The US space agency sends critical data from Saturn three years after the end of NASA’s Cassini mission. The last time this spacecraft landed near Saturn’s moon, Titan, data showed the giant lake named Kraken Mare could be over a thousand feet deep. This lake is so deep that the Kasini’s radar couldn’t even read underneath. (Photo: © NASA / John Glenn Research Center)
Eye on the moon of Saturn
Data from 2014 indicated that Cracken could be 115 feet deep, but the latest data shows 10 times deeper than that. Its depth and the elements that compose it should provide more information about Titan’s early chemistry. Ethane and methane collect here in ponds, lakes and rivers. Lead author of the study, Valerio Pogiali, says: “The name of the mayor of Kraken is not only great, but it contains 80% of the water on the lunar surface.” (Photo: NASA / JPL-Caltech)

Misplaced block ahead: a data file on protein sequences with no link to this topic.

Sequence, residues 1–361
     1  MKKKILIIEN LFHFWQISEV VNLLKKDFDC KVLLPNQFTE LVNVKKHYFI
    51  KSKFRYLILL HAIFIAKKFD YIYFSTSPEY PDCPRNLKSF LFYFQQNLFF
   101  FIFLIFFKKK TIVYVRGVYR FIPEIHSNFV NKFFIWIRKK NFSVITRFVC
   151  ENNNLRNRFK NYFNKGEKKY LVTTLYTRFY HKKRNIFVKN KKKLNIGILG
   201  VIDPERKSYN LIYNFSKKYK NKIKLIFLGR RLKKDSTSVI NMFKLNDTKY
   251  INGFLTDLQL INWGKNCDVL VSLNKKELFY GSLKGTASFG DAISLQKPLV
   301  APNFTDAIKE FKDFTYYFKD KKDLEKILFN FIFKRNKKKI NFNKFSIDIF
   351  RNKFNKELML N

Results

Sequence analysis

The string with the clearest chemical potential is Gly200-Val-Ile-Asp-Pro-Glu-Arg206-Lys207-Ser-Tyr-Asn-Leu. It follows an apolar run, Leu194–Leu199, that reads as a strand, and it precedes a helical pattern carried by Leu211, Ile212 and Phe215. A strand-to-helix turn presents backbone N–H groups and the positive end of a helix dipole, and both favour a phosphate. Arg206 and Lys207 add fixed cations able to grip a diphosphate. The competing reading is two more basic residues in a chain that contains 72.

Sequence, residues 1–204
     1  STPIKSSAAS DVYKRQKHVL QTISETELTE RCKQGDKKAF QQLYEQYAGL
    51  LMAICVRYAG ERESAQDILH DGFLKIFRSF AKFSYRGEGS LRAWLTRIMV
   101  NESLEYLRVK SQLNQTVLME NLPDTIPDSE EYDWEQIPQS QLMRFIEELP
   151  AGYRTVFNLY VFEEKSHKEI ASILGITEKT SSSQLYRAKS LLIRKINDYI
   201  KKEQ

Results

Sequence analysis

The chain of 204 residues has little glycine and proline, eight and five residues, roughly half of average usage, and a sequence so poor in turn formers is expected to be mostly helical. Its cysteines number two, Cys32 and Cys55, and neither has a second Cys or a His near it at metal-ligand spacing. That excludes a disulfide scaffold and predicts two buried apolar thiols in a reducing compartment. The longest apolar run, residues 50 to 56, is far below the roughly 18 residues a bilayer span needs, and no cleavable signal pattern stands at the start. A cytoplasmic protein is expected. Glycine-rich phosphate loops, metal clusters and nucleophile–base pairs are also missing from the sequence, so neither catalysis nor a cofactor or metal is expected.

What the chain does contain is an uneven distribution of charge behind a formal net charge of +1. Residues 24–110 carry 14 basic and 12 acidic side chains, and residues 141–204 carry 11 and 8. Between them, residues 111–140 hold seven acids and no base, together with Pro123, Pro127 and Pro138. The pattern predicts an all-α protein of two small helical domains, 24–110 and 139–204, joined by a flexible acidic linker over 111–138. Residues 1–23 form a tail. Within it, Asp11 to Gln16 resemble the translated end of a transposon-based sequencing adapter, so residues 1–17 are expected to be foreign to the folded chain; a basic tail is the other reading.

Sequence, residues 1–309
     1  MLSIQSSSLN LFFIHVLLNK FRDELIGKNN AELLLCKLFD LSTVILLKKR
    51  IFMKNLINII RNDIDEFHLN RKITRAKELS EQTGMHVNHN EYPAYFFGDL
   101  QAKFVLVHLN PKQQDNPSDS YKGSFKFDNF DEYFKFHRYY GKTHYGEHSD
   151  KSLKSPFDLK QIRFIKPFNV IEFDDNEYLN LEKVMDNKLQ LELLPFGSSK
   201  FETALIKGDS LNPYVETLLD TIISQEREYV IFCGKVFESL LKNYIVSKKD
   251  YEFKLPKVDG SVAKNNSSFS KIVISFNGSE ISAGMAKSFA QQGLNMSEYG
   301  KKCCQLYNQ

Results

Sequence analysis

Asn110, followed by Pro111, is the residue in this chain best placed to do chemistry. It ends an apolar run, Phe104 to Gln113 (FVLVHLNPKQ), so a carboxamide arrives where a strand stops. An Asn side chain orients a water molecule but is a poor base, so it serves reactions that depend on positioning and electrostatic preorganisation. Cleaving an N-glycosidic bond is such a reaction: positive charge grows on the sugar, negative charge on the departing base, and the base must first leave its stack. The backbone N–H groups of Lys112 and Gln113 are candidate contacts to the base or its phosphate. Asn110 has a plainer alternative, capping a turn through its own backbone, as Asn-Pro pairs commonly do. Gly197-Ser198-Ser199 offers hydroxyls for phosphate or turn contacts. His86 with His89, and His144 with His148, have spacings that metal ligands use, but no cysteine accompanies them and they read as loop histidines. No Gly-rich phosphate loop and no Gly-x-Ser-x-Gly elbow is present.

A possible life on Titan?
Titan’s texture is quite different from Earth’s, but its error appears to be very similar. It is the only moon in our solar system to have a thick atmosphere. The strong presence of nitrogen gas resembles the Earth’s atmosphere, which mainly contains nitrogen-oxygen. It is believed that life on Titan is possible. That’s why Kasini crashed into Saturn in 2017 to save it from contamination. (Photo: © NASA / JPL)
Scientists are surprised by the results
Earlier on August 21, 2014, he collected this data. To measure the depth of Cracken Meyer, the scientists measured the time of the radar signal to ascend to depth from the surface of the water and then compared it. Until now, its size and distance from the poles contained only ethane, but this time methane was also found, which surprised scientists. Based on the design of this lake, scientists will be able to understand what the rain cycle is on this moon.